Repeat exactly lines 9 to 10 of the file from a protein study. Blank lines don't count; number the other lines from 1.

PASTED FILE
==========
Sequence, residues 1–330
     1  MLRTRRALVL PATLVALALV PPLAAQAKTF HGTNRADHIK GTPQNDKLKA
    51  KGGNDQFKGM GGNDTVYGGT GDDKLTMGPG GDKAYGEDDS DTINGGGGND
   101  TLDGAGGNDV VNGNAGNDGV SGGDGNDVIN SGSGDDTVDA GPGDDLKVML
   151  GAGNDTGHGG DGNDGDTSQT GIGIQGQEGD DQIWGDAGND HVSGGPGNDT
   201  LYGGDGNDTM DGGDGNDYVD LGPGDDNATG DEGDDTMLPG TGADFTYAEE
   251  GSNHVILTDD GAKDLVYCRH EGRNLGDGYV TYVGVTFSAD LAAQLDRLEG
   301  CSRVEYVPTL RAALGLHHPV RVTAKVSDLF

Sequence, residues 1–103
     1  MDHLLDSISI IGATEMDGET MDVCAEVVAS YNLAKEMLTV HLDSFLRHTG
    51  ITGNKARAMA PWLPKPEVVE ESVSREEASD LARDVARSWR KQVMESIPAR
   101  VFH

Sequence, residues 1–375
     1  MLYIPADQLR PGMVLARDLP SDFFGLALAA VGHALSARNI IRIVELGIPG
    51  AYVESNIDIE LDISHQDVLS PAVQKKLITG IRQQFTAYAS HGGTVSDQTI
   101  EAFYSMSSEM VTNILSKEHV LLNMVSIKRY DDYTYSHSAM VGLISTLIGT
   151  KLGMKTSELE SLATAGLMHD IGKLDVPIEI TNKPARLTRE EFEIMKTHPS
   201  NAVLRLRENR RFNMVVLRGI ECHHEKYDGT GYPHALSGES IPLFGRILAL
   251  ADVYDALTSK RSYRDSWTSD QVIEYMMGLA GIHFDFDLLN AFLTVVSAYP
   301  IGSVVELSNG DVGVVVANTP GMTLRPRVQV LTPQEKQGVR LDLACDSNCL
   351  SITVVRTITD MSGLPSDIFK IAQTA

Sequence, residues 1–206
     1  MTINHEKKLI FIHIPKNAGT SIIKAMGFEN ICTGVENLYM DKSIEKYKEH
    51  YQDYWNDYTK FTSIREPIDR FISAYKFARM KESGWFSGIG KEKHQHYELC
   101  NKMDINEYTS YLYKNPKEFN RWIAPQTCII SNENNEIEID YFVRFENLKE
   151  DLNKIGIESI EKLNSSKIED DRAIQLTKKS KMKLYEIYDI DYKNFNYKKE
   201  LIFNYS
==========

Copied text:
Sequence, residues 1–103
     1  MDHLLDSISI IGATEMDGET MDVCAEVVAS YNLAKEMLTV HLDSFLRHTG